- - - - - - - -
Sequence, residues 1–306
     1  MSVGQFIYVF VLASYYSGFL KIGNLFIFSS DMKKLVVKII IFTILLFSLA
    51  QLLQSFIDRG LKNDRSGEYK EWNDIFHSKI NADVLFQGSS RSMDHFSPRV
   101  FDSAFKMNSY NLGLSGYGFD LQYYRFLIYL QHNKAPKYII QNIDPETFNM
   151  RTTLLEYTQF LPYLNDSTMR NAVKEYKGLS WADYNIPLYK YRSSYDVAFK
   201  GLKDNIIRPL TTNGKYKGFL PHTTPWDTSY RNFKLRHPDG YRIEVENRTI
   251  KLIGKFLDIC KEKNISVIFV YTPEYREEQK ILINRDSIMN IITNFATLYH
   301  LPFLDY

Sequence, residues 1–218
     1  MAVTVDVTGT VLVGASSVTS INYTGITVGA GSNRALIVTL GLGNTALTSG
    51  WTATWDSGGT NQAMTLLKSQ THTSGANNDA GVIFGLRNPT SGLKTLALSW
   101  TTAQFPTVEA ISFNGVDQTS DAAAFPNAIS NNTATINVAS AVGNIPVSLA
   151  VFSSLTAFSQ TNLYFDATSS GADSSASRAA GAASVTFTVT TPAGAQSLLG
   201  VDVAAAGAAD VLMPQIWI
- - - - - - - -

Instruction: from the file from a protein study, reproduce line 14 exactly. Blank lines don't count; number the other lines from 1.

   201  VDVAAAGAAD VLMPQIWI